4. Have one-on-one time with children. This is a tricky balance. You want to make sure you give each child individual time with you, which just further takes away from your personal time. I know it can get tiresome. I don’t want you to spread yourself too thin. But be as strong as you can and remember the concept of seasons. It is a season of life to sacrifice a lot as a mother–especially a mother of young children. Don’t do it to the extreme that you totally lose who you are, but know it won’t last forever.
  5. Find unique ways for your older children to love the baby. Some children are natural baby lovers and it will be love at first sight, just like for some parents having a baby is love at first sight. But also like some parents, some older siblings develop a love for the baby. If your child is like that, ponder and think about ways to help your child love the baby. 
  6. Be prepared for stressed children. Adding a baby to the family is stressful on everyone. It will take your child some time to adjust, just like it takes you time to adjust. I think older children can have a harder time with the new baby than a younger child. Older children are more aware of what is going on than toddlers. Brayden got a little stressed after McKenna was born. It manifested itself in not sleeping as well, but after a month or so, he was totally fine.
  7. And remember my advice to not blame things on the babyDon’t say you can’t do something because of the baby. I am not saying to lie about it, but see if you can attribute things to another equally correct reason. A simple example off the top of my head is when you are pregnant. If you can’t run and be as active as you used to be, don’t say “The baby in my tummy makes it hard to run.” Say, “My body is tired and I can’t move really well right now.”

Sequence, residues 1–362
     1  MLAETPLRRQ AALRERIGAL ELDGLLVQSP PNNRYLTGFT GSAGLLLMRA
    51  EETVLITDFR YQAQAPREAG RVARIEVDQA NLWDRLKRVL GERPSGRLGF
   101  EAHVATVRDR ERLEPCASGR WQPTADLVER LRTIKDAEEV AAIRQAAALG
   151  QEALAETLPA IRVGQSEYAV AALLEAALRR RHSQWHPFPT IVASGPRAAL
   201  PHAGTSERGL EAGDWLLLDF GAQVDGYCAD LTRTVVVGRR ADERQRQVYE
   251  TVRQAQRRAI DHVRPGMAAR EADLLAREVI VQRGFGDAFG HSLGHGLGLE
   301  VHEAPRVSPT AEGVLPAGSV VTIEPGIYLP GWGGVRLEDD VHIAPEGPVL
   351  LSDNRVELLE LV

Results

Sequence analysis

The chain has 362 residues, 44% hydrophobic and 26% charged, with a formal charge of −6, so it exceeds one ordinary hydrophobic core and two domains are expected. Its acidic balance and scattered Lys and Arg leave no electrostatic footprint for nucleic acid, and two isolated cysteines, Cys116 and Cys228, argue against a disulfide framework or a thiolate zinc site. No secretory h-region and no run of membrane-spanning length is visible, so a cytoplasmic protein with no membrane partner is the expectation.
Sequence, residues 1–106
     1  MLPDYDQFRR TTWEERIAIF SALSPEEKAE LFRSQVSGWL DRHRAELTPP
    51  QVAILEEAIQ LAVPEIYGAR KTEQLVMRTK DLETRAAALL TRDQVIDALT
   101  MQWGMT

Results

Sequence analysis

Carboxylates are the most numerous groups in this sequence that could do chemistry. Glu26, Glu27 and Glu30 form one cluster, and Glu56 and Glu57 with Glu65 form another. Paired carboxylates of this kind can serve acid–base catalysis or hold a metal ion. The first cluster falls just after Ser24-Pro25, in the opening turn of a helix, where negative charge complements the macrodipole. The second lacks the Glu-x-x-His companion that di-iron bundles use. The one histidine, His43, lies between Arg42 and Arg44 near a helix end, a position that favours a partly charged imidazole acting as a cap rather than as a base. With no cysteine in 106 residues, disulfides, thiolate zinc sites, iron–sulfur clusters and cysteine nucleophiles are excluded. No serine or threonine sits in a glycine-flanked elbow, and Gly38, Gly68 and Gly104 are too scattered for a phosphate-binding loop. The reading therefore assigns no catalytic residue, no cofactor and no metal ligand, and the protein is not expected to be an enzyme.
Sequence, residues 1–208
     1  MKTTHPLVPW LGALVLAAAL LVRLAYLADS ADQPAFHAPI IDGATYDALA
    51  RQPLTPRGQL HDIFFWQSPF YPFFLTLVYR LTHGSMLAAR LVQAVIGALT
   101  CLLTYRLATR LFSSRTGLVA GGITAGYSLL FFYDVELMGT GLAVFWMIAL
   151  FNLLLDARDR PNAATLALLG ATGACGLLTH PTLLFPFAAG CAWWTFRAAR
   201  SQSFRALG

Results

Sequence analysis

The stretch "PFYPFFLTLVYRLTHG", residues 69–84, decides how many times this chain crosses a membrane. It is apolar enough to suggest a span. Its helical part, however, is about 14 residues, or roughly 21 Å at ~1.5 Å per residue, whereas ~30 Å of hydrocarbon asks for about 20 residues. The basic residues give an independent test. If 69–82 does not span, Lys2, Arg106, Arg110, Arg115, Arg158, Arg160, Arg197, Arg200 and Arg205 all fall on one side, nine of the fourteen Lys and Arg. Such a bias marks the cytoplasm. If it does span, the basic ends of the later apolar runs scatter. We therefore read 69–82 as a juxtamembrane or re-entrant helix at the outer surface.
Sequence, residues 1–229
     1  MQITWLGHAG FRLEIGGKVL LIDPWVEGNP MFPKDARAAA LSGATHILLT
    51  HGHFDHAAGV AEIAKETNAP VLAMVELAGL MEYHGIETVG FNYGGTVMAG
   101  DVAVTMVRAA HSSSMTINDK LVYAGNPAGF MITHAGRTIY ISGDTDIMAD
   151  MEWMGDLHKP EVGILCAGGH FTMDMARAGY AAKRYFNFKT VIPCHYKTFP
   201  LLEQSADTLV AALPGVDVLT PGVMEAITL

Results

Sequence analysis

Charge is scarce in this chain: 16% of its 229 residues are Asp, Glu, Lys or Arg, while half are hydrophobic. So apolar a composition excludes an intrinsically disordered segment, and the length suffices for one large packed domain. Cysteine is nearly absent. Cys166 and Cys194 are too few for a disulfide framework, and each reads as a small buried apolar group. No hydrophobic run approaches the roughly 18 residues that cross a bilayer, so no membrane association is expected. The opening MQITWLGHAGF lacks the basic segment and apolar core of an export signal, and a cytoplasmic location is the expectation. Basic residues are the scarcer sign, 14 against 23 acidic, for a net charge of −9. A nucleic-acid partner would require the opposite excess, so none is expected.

8. Send the older child to grandma’s (or somewhere you trust):When McKenna was born, the older kids split time between both grandma’s houses so that my husband was able to be with me at the hospital and so that we had the first couple of days home without any other children–just us and the baby. It helped give us time to get everything in order and get to know the baby McKenna. I had no one else to worry about. We were very anxious for our kids to come home by the end, but it was great to have the peace and the lack of mess that kid make :). 
  9. Nap: Getting a nap in daily can be really hard with three children. I honestly couldn’t get it in very often with three. If you can do it, absolutely do it. Really work it in to your day daily for at least the first month. You will heal faster and you will be nicer.
  10. Work Schedule Right: Work out the schedule so you can devote full attention to the baby and also attention to the other children–at least for the first 4-8 weeks. You will have a feeling of urgency to incorporate baby into the activity of the family, but at first, baby needs quiet, food, and sleep. Baby will wake up more and be able to handle craziness. Before you know it, your two little darlings will be making larger messes together than you ever dreamed capable.